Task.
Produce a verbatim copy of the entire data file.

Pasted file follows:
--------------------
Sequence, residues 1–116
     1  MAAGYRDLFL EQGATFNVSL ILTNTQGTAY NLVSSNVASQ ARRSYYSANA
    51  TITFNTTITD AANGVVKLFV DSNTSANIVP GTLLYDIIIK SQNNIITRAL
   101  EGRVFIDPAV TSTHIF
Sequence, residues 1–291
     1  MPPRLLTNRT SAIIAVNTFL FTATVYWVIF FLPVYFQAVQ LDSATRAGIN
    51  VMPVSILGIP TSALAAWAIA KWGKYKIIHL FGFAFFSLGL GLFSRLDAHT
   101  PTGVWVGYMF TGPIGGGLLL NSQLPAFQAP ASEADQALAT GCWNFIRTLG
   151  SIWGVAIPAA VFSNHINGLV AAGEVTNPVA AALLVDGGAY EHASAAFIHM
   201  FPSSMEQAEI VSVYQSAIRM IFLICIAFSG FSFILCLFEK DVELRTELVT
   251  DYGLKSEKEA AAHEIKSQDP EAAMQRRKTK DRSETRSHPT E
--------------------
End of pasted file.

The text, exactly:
Sequence, residues 1–116
     1  MAAGYRDLFL EQGATFNVSL ILTNTQGTAY NLVSSNVASQ ARRSYYSANA
    51  TITFNTTITD AANGVVKLFV DSNTSANIVP GTLLYDIIIK SQNNIITRAL
   101  EGRVFIDPAV TSTHIF
Sequence, residues 1–291
     1  MPPRLLTNRT SAIIAVNTFL FTATVYWVIF FLPVYFQAVQ LDSATRAGIN
    51  VMPVSILGIP TSALAAWAIA KWGKYKIIHL FGFAFFSLGL GLFSRLDAHT
   101  PTGVWVGYMF TGPIGGGLLL NSQLPAFQAP ASEADQALAT GCWNFIRTLG
   151  SIWGVAIPAA VFSNHINGLV AAGEVTNPVA AALLVDGGAY EHASAAFIHM
   201  FPSSMEQAEI VSVYQSAIRM IFLICIAFSG FSFILCLFEK DVELRTELVT
   251  DYGLKSEKEA AAHEIKSQDP EAAMQRRKTK DRSETRSHPT E